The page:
Publications / Conference Poster

Abstract machine models and proxy architectures for exascale computing

Ang, James A.; Barrett, R.F.; Benner, R.E.; Burke, D.; Chan, C.; Cook, J.; Donofrio, D.; Hammond, Simon D.; Hemmert, Karl S.; Kelly, Suzanne M.; Le, H.; Leung, Vitus J.; Resnick, D.R.; Rodrigues, Arun; Shalf, J.; Stark, Dylan S.; Unat, D.; Wright, N.J.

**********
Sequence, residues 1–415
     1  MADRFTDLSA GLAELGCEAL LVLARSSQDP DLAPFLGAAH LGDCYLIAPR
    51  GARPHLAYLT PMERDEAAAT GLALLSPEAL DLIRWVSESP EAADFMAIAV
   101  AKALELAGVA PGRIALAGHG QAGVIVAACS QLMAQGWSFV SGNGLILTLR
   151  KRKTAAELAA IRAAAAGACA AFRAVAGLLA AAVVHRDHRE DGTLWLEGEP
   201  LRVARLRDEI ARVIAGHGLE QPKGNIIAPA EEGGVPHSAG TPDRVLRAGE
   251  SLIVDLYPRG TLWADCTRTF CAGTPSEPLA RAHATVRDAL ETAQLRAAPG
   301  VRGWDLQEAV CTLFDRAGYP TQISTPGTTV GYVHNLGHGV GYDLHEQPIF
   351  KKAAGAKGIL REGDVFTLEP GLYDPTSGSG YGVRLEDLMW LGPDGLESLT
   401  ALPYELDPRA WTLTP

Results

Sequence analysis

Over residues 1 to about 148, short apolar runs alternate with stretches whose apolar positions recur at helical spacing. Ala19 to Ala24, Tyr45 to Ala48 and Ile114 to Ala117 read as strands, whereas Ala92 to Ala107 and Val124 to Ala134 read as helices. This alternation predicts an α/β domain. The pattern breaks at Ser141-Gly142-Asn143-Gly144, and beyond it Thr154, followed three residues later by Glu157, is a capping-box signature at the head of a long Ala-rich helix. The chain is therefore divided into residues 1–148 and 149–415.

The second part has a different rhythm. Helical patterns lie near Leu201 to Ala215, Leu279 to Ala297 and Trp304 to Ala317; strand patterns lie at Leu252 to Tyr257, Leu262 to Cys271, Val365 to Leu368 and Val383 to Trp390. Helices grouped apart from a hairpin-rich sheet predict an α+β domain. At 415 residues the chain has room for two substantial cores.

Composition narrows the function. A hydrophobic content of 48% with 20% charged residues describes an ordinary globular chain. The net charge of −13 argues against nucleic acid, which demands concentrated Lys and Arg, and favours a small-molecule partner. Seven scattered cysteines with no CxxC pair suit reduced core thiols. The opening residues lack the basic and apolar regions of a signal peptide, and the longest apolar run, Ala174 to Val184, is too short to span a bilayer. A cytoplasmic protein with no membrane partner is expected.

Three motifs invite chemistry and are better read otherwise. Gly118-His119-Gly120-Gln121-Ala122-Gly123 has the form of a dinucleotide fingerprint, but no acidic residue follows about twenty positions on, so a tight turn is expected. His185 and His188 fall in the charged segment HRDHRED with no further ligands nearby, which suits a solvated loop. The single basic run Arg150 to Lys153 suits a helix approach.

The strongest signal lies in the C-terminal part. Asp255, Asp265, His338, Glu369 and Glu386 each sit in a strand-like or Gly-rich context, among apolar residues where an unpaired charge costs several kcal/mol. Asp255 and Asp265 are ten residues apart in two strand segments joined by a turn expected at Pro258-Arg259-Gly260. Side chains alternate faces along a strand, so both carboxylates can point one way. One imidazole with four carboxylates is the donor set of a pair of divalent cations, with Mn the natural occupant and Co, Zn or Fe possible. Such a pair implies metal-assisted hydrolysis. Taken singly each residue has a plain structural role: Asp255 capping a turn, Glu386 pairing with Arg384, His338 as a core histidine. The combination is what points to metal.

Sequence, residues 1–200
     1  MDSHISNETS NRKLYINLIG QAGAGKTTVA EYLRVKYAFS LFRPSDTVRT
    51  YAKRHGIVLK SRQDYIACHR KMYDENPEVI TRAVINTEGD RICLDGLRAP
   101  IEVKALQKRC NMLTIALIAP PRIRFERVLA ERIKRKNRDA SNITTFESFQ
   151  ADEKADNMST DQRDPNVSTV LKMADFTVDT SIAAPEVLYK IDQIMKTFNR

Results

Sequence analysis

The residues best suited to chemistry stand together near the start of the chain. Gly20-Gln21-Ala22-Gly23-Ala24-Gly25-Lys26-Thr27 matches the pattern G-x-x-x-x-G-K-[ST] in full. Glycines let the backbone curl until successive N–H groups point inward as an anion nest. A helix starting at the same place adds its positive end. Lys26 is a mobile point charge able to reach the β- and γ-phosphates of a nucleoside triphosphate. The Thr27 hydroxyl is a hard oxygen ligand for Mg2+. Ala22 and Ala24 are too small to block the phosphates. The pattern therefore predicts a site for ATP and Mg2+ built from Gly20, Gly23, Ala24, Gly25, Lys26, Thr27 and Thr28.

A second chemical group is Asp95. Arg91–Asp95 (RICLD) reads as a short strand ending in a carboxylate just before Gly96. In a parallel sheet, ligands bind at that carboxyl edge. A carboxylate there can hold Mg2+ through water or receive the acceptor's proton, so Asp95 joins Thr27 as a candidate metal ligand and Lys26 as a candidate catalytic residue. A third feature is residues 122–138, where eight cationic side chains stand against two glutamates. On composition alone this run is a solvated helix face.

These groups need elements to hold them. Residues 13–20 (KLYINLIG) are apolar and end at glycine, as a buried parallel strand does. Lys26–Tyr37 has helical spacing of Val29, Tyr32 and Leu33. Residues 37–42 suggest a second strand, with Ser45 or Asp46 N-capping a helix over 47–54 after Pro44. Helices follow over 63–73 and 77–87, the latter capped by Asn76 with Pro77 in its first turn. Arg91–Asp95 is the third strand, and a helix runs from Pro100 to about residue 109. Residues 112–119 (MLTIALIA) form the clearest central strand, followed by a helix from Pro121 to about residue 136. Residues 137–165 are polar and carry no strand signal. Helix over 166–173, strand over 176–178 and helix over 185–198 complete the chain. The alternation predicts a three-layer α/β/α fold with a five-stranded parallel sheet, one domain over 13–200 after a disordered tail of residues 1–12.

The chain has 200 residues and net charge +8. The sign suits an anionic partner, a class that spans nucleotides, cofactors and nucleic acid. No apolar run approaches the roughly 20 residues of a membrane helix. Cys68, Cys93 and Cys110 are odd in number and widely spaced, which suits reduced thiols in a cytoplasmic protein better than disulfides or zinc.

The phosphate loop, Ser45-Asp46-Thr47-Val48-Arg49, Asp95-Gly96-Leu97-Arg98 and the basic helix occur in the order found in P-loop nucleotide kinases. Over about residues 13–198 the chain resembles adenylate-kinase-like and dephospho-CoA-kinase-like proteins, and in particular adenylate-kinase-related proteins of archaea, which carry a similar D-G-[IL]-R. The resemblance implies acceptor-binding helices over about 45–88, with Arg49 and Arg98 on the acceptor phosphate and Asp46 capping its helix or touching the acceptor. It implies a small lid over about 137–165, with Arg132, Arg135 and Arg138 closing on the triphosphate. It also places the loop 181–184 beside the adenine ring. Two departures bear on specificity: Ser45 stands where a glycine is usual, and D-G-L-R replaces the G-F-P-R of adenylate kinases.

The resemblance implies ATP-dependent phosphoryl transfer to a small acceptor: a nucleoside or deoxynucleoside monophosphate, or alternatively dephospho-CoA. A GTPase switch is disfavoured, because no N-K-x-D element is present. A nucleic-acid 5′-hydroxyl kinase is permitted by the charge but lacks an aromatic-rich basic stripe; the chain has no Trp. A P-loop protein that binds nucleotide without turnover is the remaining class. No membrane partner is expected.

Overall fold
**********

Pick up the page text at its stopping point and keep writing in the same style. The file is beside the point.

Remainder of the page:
To achieve exascale computing, fundamental hardware architectures must change. This will significantly impact scientific applications that run on current high performance computing (HPC) systems, many of which codify years of scientific domain knowledge and refinements for contemporary computer systems. To adapt to exascale architectures, developers must be able to reason about new hardware and determine what programming models and algorithms will provide the best blend of performance and energy efficiency in the future. An abstract machine model is designed to expose to the application developers and system software only the aspects of the machine that are important or relevant to performance and code structure. These models are intended as communication aids between application developers and hardware architects during the co-design process. A proxy architecture is a parameterized version of an abstract machine model, with parameters added to elucidate potential speeds and capacities of key hardware components. These more detailed architectural models enable discussion among the developers of analytic models and simulators and computer hardware architects and they allow for application performance analysis, system software development, and hardware optimization opportunities. In this paper, we present a set of abstract machine models and show how they might be used to help software developers prepare for exascale. We then apply parameters to one of these models to demonstrate how a proxy architecture can enable a more concrete exploration of how well application codes map onto future architectures.